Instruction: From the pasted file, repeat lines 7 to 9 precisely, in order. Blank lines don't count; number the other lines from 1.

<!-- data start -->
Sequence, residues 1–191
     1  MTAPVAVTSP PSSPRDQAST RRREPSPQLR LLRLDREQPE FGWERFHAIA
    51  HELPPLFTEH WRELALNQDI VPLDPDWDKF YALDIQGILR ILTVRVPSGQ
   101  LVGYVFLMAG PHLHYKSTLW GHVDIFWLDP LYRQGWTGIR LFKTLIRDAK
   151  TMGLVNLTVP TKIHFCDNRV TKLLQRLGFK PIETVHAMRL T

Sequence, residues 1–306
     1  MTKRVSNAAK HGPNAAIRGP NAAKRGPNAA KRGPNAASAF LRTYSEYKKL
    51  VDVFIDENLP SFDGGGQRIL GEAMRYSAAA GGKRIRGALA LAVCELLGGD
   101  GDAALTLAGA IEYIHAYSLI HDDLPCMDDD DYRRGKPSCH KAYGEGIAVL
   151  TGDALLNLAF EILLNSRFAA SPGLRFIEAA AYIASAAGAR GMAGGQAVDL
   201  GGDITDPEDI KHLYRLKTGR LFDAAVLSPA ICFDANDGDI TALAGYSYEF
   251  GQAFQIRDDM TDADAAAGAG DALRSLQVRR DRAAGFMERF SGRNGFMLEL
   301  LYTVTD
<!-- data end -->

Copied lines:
     1  MTKRVSNAAK HGPNAAIRGP NAAKRGPNAA KRGPNAASAF LRTYSEYKKL
    51  VDVFIDENLP SFDGGGQRIL GEAMRYSAAA GGKRIRGALA LAVCELLGGD
   101  GDAALTLAGA IEYIHAYSLI HDDLPCMDDD DYRRGKPSCH KAYGEGIAVL